[ 40 ]

`` us, added my father, a single minute :''
---- No matter if it be ten minutes,
quoth my mother.

  ---- It will not detain us half a one,
said my father.

  The Corporal was just then setting in
with the story of his brother Tom and
the Jew's widow : the story went on --
and on ---- it had episodes in it ----
it came back, and went on ---- and on
again ; there was no end of it ---- the
reader found it very long ----

  ---- G-- help my father! he pish'd
fifty times at every new attitude, and
gave the corporal's stick, with all its
flourishings and danglings, to as many
devils as chose to accept of them.

[ 41 ]

  When issues of events like these my
father is waiting for are hanging in the
scales of fate, the mind has the advan-
tage of changing the principle of expec-
tation three times, without which it
would not have power to see it out.

  Curiosity governs the first moment ;
and the second moment is all economy
to justify the expense of the first ----
and for the third, fourth, fifth, and sixth
moments, and so on to the day of judg-
ment -- 'tis a point of HONOUR.

  I need not be told, that the ethic writers
have assigned this all to Patience ; but
that VIRTUE, methinks, has extent of
dominion sufficient of her own, and
enough to do in it, without invading the

[ 42 ]

few dismantled castles which HONOUR has
left him upon the earth.

  My father stood it out as well as he
could with these three auxiliaries to the
end of Trim's story ; and from thence to
the end of my uncle Toby's panegyric
upon arms, in the chapter following it ;
when seeing that instead of marching
up to Mrs. Wadman's door, they both
faced about and march'd down the ave-
nue diametrically opposite to his expecta-
tion -- he broke out at once with that
little subacid soreness of humour which, in
certain situations, distinguished his cha-
racter from that of all other men.

             4              C H A P.

[ 43 ]


---- ``NOW what can their two
noddles be about?'' cried
my father - - &c. - - - -

  I dare say, said my mother, they are
making fortifications ----
  ---- Not on Mrs. Wadman's premis-
es! cried my father, stepping back ----

  I suppose not : quoth my mother.

  I wish, said my father, raising his voice,
the whole science of fortification at the
devil, with all its trumpery of saps,
mines, blinds, gabions, fausse-brayes, and
cuvettes ------

  ---- They are foolish things ---- said
my mother.

[ 44 ]

  Now she had a way, which by the bye,
I would this moment give away my pur-
ple jerkin, and my yellow slippers into
the bargain, if some of your reverences
would imitate -- and that was never to re-
fuse her assent and consent to any propo-
sition my father laid before her, merely
because she did not understand it, or
had no ideas to the principal word, or
term of art, upon which the tenet or
proposition rolled. She contented her-
self with doing all that her godfathers
and godmothers promised for her -- but no
more ; and so would go on using a hard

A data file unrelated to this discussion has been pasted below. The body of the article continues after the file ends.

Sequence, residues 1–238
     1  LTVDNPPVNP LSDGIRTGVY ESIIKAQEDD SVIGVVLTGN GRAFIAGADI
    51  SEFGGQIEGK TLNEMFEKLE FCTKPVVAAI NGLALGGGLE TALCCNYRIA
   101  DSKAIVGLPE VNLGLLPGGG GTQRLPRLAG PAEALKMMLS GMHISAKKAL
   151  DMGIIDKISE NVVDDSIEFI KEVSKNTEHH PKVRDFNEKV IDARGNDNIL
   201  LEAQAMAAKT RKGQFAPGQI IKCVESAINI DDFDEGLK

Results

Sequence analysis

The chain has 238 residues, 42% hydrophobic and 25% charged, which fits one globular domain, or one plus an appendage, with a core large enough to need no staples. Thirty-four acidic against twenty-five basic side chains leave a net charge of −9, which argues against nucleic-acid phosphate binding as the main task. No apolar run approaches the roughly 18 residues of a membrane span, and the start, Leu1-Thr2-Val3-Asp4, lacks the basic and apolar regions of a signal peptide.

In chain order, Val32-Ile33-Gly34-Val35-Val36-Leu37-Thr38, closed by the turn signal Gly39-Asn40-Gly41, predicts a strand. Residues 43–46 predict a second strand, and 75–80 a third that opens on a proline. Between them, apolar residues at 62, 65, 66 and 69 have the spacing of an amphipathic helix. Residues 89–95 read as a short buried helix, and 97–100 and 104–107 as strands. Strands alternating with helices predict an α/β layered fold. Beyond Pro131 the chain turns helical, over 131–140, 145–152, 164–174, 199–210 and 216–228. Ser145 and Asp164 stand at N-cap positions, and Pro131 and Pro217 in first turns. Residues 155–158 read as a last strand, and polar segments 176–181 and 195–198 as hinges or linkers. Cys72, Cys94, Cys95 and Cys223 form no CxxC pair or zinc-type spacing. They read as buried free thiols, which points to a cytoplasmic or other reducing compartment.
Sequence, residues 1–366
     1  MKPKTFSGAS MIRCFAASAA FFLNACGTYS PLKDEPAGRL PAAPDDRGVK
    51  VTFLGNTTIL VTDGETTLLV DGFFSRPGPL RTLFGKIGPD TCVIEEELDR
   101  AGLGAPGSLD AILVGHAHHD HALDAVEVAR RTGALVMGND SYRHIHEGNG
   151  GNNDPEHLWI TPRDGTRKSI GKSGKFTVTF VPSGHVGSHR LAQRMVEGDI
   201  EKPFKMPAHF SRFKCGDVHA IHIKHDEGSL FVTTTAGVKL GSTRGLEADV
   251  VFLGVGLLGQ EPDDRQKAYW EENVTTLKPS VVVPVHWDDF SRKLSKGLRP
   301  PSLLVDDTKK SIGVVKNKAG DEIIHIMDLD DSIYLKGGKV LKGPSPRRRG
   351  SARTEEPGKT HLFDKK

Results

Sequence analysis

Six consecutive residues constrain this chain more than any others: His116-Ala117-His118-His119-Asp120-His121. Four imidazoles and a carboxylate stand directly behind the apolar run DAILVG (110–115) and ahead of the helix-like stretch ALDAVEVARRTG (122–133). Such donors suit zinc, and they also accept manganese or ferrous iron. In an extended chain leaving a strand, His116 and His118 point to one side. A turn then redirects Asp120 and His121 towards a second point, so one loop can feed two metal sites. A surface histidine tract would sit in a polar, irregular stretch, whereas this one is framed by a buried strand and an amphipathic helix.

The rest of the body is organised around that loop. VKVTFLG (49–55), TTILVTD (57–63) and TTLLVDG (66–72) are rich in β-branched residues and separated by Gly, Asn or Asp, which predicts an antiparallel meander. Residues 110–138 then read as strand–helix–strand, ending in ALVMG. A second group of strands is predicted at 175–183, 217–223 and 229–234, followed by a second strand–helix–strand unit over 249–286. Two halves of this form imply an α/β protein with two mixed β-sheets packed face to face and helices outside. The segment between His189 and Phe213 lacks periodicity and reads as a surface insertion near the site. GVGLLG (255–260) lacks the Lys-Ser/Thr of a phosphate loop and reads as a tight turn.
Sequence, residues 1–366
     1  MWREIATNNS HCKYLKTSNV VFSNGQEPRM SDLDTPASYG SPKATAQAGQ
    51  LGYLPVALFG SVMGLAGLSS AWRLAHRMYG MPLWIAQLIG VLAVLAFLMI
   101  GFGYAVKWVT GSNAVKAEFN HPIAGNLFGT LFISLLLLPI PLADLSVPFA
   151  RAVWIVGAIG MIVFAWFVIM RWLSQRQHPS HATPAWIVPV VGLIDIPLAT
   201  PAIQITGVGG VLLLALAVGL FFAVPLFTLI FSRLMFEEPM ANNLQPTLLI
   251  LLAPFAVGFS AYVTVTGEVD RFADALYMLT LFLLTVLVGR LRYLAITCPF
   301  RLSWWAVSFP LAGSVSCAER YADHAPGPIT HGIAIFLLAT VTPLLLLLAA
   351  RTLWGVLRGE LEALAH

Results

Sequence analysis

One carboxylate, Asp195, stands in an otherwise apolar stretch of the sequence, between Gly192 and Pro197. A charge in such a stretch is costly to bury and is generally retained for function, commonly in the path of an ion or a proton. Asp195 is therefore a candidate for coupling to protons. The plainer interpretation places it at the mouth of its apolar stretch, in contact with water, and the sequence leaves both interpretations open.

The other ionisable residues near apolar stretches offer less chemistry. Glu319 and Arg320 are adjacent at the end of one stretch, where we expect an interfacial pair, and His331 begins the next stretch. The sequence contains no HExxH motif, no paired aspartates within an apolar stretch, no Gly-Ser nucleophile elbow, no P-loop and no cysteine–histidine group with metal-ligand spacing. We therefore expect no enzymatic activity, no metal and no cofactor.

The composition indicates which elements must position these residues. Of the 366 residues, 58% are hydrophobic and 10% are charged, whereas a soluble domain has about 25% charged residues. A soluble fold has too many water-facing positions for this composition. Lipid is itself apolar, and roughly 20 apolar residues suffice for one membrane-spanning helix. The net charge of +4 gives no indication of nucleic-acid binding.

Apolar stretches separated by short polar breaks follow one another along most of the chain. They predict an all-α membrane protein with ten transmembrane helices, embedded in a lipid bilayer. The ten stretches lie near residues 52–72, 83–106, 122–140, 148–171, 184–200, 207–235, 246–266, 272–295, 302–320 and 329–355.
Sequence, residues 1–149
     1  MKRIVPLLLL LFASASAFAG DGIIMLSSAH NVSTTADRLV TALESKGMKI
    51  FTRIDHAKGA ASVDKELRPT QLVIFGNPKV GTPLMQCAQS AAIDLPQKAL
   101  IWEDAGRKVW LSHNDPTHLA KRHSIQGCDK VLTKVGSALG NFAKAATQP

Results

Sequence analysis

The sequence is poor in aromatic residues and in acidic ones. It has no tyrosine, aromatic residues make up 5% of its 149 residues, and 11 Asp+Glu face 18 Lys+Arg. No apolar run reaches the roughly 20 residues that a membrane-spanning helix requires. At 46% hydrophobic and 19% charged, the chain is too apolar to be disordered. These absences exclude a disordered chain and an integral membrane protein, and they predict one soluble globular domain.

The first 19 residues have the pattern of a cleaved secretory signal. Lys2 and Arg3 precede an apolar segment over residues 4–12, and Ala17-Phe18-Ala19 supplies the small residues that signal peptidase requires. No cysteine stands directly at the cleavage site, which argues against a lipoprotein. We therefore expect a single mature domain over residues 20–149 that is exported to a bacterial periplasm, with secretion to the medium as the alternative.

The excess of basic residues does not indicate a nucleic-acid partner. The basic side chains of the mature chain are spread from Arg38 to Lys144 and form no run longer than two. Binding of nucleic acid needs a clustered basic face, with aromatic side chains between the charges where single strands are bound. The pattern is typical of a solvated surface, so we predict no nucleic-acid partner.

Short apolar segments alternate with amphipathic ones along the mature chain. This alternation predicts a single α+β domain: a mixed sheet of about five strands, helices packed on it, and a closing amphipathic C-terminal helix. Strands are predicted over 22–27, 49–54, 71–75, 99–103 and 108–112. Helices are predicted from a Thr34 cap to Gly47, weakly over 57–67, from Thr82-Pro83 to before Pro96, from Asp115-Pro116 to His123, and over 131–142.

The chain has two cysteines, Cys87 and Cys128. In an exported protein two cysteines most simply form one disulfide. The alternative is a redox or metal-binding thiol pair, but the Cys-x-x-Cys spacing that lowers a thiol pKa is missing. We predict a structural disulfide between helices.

word twenty years together -- and reply-
ing to it too, if it was a verb, in all its
moods and tenses, without giving herself
any trouble to enquire about it.

             3              This

[ 45 ]

  This was an eternal source of misery
to my father, and broke the neck, at the
first setting out, of more good dialogues
between them, than could have done the
most petulant contradiction ---- the few
which survived were the better for the
cuvetts ----

  -- ``They are foolish things;'' said
my mother.

  ---- Particularly the cuvetts ; replied
my father.

  'Twas enough -- he tasted the sweet of
triumph -- and went on.

  -- Not that they are, properly speak-
ing, Mrs. Wadman's premises, said my
father, partly correcting himself -- because
she is but tenant for life ----
                          ---- That

[ 46 ]

  ---- That makes a great difference --
said my mother ----

  -- In a fool's head, replied my fa-
ther ----

  Unless she should happen to have a
child -- said my mother ----

  ---- But she must persuade my brother
Toby first to get her one --

  ---- To be sure, Mr. Shandy, quoth
my mother.

  ---- Though if it comes to persuasion
--- said my father -- Lord have mercy up-
on them.

  Amen : said my mother, piano.

  Amen : cried my father, fortissimè.
                          Amen :

[ 47 ]

  Amen : said my mother again --- but
with such a sighing cadence of personal
pity at the end of it, as discomfited every
fibre about my father -- he instantly took
out his almanac ; but before he could
untie it, Yorick's congregation coming
out of church became a full answer to
one half of his business with it -- and my
mother telling him it was a sacrament
day -- left him as little in doubt as to
the other part -- He put his almanac into
his pocket.

  The first Lord of the Treasury, think-
ing of ways and means, could not have
returned home, with a more embarrassed

                          C H A P.

[ 48 ]


UPON looking back from the end
of the last chapter and surveying
the texture of what has been wrote, it is
necessary, that upon this page and the
five following, a good quantity of hete-
rogeneous matter be inserted, to keep up
that just balance betwixt wisdom and
folly without which a book would not
hold together a single year : nor is it a
poor creeping digression (which but for
the name of, a man might continue as
well going on in the king's highway)
which will do the business ---- no ; if it
is to be a digression, it must be a good
frisky one, and upon a frisky subject too,
where neither the horse or his rider are
to be caught, but by rebound.

[ 49 ]

  The only difficulty is raising powers
suitable to the nature of the service :
FANCY is capricious -- WIT must not be
searched for -- and PLEASANTRY (good-
natured slut as she is) will not come in
at a call, was an empire to be laid at her

  ---- The best way for a man is to
say his prayers ----

  Only if it puts him in mind of his in-
firmities and defects as well ghostly as